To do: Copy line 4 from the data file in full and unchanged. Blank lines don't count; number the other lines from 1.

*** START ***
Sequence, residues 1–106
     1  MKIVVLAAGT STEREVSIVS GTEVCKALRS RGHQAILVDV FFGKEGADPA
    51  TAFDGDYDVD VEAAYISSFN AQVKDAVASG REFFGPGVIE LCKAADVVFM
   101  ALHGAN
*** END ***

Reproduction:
   101  ALHGAN